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a fishing question, calculated to ascertain how far Waverley was disposed to submit to petty imposition. “My part to replace your horse's shoe, you rascal !” said Waverley, mistaking the purport of the intimation.
“ Indubitably," answered Mr Cruickshanks ; " though there was no precise clause to that effect, it canno be expected that I am to pay for the casualties whilk may befall the puir naig while in your honour's service-natheless if your honour”
i . ..." O, you mean I am to pay the farrier; but where shall we find one?"
Rejoiced at discerning there would be no objection made on the part of his temporary master, Mr Cruickshanks assured him that Cairnvreckan, a village which they were about to enter, was happy in an excellent blacksmith; “but as he was a professor, he would drive a nail for no man on the Sabbath, or kirk fast, unless it were in a case of absolute necessity, for which he always charged sixpence each shoe.” The most important part of this communication, in the opinion of the speaker, made a very slight impression on the hearer, who only internally wondered what college this veterinary professor belonged, to, not aware that the word was used to denote any person who pretended to uncommon sanctity of faith and manner.
As they entered the village of Cairnvreckan, they speedily distinguished the smith's house. Being also a public, it was two stories high, and proudly reared its crest, covered with grey slate, above the thatched hovels by which it was surround ed. The adjoining smithy betokened none of the Sabbatical silence and repose which Ebenezer had augured from the sanctity: of his friend. On the contrary, hammer clashed and anvil rạng, the bellows groaned, and the whole apparatus of Vulcan appeared to be in full activity. Nor was the labour of a rural and pacific nature. The mastersmith, benempt, as his sign intima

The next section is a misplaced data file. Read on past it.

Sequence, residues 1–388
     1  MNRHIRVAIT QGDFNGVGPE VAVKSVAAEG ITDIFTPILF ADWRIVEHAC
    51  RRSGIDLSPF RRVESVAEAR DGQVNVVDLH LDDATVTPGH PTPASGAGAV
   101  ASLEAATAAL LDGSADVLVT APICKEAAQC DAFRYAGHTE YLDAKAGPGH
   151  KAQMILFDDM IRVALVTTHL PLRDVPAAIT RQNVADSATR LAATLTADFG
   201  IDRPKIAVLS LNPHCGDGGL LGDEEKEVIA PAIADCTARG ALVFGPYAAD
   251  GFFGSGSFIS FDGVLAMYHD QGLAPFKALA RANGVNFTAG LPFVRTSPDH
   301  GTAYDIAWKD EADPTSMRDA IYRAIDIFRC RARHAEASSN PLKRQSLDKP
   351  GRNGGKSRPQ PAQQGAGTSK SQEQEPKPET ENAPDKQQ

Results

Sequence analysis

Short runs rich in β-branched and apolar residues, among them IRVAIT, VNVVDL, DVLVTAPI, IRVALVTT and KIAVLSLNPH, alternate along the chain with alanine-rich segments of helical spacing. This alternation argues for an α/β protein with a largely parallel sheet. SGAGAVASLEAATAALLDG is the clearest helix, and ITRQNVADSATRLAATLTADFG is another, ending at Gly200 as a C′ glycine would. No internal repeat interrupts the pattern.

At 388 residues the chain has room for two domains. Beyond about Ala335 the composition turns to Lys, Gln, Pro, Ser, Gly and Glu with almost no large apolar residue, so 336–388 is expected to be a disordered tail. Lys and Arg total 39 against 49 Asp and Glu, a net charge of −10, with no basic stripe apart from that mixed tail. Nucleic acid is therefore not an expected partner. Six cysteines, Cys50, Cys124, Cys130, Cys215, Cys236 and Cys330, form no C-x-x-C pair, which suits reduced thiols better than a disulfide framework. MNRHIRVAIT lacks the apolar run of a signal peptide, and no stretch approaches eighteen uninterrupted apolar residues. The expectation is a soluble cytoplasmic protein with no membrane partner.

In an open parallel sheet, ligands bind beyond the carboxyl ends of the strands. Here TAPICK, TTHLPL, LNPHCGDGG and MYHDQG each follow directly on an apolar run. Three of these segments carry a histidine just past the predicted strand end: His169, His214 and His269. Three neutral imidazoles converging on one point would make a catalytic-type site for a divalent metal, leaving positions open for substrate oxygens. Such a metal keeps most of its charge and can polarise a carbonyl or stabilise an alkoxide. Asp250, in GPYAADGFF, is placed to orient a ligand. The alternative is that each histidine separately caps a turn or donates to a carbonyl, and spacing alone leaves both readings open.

ted, John Mucklewrath, with two assist ants, toiled busily in arranging, repairing, and furbishing old muskets, pistols, and swords, which lay scattered around bis work-shop in military confusion. - The open shed, containing the forge, was crowded with persons who came and went as if receiving and communicating import ant news; and a single glance at the aspect of the people who traversed the street in haste, or i stood assembled 'in groups, with eyes elevated, and hands uplifted, annqunced that some extraordinary intelligence was agitating the public mind of the municipality of Cairnvreckán. "There is some news,” said mine host of the Candlestiek, 'pushing his lanthorn-jawed visage and bare-boned nag rudely forward into the crowd as there is some news, and if it please my Creator, I will forthwith obtain speerings thereof.", .
Waverley, with better regulated curiosity than bis attendant, dismounted, and gave his horse to a boy who stood idling
near. It arose, perhaps, from the shyness of his character in early youth, that he felt dislike at applying to a stranger even for casual information, without previously glancing at his physiognomy and appearance. While he looked about in order to select the person with whom he would most willingly hold communication, the buzz around saved him in some degree the trouble of interrogatories. The names of Lochiel, Clanronald, Glengary, and other distinguished Highland Chiefs, among whom Vich Ian Vohr was repeatedly mentioned, were as familiar in men's mouths as household words; and from the alarm generally expressed, he easily con. ceived that their descent into the Lowlands, at the head of their armed tribes, had either already taken place, or was instantly apprehended.
Ere Waverley could ask particulars, a. strong large-boned hard-featured woman, about forty, dressed as if her clothes had been flung on with a pitchfork, her cheeks
flushed with a scarlet red where they were not smutted with soot and lamp-black, jostled through the crowd, and, brandishing high a child of two years old, which she danced in her arms, without regard to its screams of terror, sang forth, with all her might,
« Charlie is my darling, my darling, my darling,“ Charlie is my darling, .
The young Chevalier.". .
“D'ye hear what's come ower, ye now, ye. whingeing whig carles ? D’ye hear wha's coming to cow yere cracks ?
« Little wot ye wha’s coming,
A the wild Macraws' are coming." :,
The Vulcan of Cairnvreckan, who acknowledged his Venus in this exulting Bacchanal, regarded her with a grim and ire-foreboding countenance, while some of the senators of the village hastened to in